Saudi Arabia has been run by Ibn Saud and his offspring since the 1920s and this is the case of the smaller emirates.

They are, as one diplomat described them, "tribes with flags."

Afghanistan has been around since the days of Alexander the Great and he had a terrible time there. Every invading colonizing power that has ventured into Afghanistan has had a bad time. All eventually left.

We should, too.

Putting aside the likelihood that we can "win" a war of insurgency (Vietnam anyone?) there is one compelling reason why the U.S. should not waste its time, its treasure, and the lives of its brave troops there. The reason is oil. And Afghanistan does not have any.

In fact, about the only thing Afghanistan has are poppy fields for the purpose of producing heroin, its primary export.

Afghanistan does not have a stable government and what government it will have, no matter how many "elections" it holds, will be utterly and completely corrupt because that's how business is conducted in a place that predates medieval Europe and most other nations.

The notion that the U.S. or NATO can or should engage in "nation building" in a place that's been run by competing warlords and tribal chieftains ignores centuries of evidence to the contrary.

Though I do not credit Obama or the people around him with much intelligence, it could be they have looked at a map of the Middle East and concluded that Pakistan is the real problem. Only in recent months, despite having had billions of U.S. dollars poured into its coffers over the past decade, has Pakistan begun to marshal its military to attack the strongholds of al Qaeda and the Taliban in a frontier area adjacent to Afghanistan.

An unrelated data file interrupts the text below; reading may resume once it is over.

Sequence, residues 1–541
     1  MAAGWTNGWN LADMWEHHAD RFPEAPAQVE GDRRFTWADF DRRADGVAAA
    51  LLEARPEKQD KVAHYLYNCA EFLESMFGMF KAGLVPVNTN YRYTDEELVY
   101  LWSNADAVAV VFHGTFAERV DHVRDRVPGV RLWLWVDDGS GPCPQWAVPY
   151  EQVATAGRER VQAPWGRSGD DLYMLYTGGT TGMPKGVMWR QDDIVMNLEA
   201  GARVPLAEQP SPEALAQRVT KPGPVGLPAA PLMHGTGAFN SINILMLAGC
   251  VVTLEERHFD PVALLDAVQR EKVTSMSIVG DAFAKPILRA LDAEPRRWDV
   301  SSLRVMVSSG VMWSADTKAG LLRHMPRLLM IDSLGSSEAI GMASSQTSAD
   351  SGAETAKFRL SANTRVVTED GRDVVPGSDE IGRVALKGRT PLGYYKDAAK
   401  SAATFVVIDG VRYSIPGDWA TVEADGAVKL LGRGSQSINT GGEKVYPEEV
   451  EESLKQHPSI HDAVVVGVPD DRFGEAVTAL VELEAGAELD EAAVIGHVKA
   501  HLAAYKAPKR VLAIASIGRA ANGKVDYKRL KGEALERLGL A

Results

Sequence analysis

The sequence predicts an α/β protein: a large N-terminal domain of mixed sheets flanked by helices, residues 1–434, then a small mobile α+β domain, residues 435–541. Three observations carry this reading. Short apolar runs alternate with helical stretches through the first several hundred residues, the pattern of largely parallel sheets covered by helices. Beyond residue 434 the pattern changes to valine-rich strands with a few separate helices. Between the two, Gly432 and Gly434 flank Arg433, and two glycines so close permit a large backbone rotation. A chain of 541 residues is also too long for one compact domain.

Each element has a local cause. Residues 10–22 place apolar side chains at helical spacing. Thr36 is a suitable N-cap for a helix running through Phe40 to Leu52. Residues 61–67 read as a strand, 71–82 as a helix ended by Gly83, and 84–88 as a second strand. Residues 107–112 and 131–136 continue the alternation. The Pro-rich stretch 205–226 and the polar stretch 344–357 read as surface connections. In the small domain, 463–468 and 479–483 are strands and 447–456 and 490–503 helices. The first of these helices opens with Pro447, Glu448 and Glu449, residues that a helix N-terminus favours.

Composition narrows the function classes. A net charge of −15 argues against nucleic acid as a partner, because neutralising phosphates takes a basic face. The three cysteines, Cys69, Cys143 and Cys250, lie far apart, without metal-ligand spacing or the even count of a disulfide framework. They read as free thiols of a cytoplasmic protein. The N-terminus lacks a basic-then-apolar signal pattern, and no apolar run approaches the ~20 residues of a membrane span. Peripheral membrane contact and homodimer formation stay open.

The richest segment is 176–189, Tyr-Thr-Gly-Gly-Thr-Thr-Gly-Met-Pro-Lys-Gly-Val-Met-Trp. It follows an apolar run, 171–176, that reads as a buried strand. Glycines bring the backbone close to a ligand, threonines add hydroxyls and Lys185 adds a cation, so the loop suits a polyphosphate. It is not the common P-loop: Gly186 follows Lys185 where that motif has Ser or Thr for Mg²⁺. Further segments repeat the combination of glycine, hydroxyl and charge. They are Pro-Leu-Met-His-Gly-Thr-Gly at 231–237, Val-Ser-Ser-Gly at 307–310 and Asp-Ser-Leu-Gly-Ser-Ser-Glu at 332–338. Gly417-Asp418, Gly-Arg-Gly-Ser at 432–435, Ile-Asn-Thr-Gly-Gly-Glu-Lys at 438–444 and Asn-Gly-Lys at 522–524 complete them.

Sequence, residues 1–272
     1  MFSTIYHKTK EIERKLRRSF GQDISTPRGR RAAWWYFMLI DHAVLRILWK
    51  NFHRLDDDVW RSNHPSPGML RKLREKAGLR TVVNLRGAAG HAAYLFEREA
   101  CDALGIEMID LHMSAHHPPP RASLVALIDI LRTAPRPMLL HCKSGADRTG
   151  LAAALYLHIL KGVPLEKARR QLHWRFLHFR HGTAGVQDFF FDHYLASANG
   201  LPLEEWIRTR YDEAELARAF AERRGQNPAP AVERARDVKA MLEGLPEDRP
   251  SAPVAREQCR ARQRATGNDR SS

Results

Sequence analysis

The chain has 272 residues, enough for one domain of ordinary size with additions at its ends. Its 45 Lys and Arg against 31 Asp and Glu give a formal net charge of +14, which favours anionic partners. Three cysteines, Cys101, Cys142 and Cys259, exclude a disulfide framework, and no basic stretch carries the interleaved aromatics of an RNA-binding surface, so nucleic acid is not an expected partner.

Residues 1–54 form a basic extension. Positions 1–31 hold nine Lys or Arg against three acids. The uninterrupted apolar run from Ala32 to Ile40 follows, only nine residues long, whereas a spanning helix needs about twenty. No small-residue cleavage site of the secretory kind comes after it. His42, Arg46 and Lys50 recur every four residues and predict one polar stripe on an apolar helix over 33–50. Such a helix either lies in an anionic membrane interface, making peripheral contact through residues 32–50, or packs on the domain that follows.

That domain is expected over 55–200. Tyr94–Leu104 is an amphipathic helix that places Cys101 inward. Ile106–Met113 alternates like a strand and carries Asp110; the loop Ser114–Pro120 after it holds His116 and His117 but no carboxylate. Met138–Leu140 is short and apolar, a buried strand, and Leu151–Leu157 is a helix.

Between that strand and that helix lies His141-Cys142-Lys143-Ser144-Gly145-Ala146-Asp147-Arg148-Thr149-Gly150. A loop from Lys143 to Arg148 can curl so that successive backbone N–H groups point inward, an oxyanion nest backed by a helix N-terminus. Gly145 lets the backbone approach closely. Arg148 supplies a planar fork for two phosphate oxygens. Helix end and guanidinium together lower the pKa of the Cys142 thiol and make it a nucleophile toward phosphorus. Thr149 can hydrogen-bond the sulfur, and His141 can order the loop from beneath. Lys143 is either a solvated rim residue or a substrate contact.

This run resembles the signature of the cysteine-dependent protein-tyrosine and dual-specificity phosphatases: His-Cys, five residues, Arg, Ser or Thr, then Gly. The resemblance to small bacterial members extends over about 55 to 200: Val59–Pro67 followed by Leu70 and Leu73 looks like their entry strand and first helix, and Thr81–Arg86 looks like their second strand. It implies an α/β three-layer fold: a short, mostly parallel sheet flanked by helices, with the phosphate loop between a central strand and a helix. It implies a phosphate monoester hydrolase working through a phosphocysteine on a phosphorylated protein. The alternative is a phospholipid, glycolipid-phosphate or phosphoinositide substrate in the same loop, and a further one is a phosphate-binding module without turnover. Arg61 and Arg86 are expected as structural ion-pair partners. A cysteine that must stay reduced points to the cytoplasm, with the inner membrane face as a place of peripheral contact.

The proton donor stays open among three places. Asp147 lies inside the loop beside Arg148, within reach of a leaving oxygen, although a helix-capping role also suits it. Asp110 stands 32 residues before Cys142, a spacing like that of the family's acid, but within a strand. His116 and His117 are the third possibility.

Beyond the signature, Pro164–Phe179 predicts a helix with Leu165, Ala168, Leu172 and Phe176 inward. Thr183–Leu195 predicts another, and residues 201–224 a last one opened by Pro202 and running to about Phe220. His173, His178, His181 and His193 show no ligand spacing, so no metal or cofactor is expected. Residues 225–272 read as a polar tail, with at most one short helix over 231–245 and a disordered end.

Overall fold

The reason for this is two-fold; the Pakistanis have been reluctant to venture into their frontier areas because it is full of fanatical Muslims and it is an area, like neighboring Afghanistan, in which it is difficult to conduct military operations.

Secondly and far more important to the Pakistanis is their belief that their other neighbor, India, is set to invade any minute of any day. They have believed this since becoming a nation specifically for Muslims in 1947, carved out of former Indian territory.